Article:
Are Chemical Peels Safe For Darker Skin Tones?

Darker skin tones need to be more careful about adverse reactions to chemical peels, like PIH (post-inflammatory hyperpigmentation).

chemical peel dark skin
Photo Credit: Angela Roma

There’s no better time than the winter months to try more intense skin treatments like lasers and chemical peels. There’s less UV exposure in the winter so skin has a chance to heal from treatments without you suffering sunburns or FOMO from staying indoors while your skin recovers.

[SEE ALSO: Dark Skin and Vitamin C: Maximizing the Benefits of this All-Star Antioxidant]

Chemical peels are very effective for skin issues like acne, hyperpigmentation and signs of aging. During the procedure, a chemical solution is applied to the skin and closely monitored by the pro who’s doing your peel so it’s on for the appropriate length of time. Post-treatment, there may be some redness, peeling and mild discomfort, which typically goes away in a few days to a week. Chemical peels improve skin’s texture and appearance and are amazing for reducing discolorations and evening out skin tone.

But—you knew this was coming—darker skin tones need to be more careful about adverse reactions to a chemical peel, especially post-inflammatory hyperpigmentation (PIH), when skin darkens where inflammation or injury has occurred.

Does this mean you can’t do a chemical peel if you have darker skin? Of course not! Take these precautions and you can enjoy all the benefits of a chemical peel—safely.

Choose An Expert

It goes without saying, but it is extremely important to choose a professional when it comes to any dermatological procedures. This is not the time for Groupon or an Insta-coupon for a shady med spa. Dermatologists or licensed skincare professionals with experience treating darker skin tones know how to tailor a chemical peel (and other treatments) to each patient’s specific needs. This minimizes risks and they’re able to manage any complications safely and effectively. Do not let your skin be chemical-peeled by someone who’s not licensed or experienced.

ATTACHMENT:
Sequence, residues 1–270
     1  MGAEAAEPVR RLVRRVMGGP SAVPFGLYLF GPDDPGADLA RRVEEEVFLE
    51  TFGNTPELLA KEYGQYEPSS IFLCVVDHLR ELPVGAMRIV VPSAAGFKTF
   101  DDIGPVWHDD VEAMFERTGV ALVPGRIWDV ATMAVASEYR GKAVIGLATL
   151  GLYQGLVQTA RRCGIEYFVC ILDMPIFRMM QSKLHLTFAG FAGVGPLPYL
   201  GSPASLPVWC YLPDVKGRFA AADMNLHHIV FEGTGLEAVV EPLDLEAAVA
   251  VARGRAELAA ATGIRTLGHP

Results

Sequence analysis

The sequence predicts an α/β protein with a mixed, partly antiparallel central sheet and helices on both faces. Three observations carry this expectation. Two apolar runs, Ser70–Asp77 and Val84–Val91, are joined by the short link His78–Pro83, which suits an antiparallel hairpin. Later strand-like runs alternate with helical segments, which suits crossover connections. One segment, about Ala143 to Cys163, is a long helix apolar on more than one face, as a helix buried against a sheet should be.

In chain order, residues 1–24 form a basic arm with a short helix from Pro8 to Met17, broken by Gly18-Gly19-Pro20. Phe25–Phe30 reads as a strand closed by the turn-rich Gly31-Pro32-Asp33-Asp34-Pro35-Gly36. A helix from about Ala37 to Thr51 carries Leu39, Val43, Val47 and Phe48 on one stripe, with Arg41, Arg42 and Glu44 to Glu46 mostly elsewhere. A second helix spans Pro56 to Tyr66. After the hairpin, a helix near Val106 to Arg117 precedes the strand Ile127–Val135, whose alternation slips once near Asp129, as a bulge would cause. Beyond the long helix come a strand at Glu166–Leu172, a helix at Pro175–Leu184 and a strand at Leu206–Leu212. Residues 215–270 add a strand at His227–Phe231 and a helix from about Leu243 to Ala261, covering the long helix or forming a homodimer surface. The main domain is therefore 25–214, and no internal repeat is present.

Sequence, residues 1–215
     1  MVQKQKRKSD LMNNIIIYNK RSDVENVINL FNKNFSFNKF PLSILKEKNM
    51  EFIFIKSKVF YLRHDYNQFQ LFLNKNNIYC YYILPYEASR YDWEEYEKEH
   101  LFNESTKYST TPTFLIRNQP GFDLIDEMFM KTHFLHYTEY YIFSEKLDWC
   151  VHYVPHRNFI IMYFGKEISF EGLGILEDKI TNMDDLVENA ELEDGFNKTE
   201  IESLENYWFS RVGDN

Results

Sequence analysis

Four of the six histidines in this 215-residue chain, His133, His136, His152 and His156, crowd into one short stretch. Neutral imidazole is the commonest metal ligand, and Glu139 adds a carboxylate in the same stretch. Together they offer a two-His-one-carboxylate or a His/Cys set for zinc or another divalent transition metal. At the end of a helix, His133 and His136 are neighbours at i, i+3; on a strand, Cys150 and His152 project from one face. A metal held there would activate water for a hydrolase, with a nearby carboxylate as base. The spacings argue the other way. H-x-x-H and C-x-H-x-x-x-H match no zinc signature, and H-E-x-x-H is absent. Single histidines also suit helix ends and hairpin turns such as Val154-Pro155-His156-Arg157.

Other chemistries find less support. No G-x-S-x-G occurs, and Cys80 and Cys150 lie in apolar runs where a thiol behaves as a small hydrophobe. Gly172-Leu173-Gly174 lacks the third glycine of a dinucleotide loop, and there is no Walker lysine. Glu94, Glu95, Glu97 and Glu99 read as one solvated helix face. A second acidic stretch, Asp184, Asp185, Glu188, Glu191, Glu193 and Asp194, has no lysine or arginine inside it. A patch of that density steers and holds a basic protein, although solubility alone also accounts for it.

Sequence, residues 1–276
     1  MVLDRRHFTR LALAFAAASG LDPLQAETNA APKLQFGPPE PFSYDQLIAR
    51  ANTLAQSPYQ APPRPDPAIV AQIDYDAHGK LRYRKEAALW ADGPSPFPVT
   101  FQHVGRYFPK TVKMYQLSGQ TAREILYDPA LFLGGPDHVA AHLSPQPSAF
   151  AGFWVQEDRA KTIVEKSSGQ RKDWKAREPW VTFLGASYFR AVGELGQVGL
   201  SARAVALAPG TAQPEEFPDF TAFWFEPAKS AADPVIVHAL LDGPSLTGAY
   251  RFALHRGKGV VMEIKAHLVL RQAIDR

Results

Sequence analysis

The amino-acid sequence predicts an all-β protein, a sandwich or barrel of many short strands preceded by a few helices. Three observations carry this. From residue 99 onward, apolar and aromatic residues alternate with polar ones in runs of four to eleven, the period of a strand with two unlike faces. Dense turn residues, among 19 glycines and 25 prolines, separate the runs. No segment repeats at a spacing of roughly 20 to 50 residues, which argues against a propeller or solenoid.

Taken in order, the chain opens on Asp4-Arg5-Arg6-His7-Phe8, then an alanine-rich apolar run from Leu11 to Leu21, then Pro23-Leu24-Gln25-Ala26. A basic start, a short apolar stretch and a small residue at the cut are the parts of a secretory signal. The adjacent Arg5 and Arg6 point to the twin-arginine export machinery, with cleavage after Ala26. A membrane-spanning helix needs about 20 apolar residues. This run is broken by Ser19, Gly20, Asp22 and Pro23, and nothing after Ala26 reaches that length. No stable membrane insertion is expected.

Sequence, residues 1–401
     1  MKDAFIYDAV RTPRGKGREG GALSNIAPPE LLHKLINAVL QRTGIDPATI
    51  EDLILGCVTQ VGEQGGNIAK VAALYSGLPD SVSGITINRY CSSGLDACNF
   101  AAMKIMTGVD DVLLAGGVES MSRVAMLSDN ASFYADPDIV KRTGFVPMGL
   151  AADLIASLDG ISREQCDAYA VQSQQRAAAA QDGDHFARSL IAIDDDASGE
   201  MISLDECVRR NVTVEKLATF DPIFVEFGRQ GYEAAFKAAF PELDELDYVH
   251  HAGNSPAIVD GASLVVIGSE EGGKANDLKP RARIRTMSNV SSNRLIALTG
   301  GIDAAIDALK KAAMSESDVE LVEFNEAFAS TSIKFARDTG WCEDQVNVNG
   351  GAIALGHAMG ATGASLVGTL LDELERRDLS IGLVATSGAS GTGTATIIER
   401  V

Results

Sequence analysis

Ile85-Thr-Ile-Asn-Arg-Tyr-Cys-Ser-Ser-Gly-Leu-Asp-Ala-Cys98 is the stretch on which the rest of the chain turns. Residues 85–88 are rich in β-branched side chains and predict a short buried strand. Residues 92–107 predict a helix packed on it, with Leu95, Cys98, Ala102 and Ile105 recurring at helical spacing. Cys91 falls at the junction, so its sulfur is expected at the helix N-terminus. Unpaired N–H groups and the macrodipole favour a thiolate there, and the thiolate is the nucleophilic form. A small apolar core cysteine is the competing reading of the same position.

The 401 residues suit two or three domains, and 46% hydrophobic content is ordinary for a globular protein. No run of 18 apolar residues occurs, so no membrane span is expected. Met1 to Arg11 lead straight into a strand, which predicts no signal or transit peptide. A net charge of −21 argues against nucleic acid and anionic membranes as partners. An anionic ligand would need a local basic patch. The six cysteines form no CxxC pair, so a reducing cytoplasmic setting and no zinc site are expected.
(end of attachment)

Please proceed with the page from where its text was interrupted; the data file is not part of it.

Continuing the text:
Prep Your Skin

Those with darker tones need to prepare for the chemical peel several weeks before treatment. This includes using hydroquinone or retinoids to help reduce melanin production, increase peel penetration and minimize the risk of PIH. Using sunscreen before and after the chemical peel is absolutely necessary to prevent any UV-induced hyperpigmentation.

Type Of Peel

The dermatologist or nurse practitioner should choose a chemical formula and concentration that’s safe and effective for each patient. Superficial or mild peels are often recommended for people with darker skin tones because they carry a lower risk of causing PIH compared to deeper peels. Glycolic acid, lactic acid, and salicylic acid are some of the safer options because they have milder effects versus stronger peels using trichloroacetic acid (TCA) or phenol. Ingredients like kojic acid, licorice extract or arbutin can help inhibit melanin production and reduce the risk of hyperpigmentation.

Its #peelseason and I am so happy to have my first #chemicalpeel ! Im going to post my progress on here daily and a youtube vlog to track my progress! But today were just doing a simple #skincareroutine !#blackgirlchemicalpeel #glowingskin #chemicalpeeljourney

♬ original sound – Briana ✨

After the chemical peel, it’s very important to stick with your prescribed post-peel skincare regimen: gentle cleansing, moisturizing, and healing salves as determined by your derm. And we’ll say it again: Use sunscreen! There’s no point in doing a treatment like a chemical peel to then go unprotected in the sun. Don’t waste your time and money if you can’t follow this rule.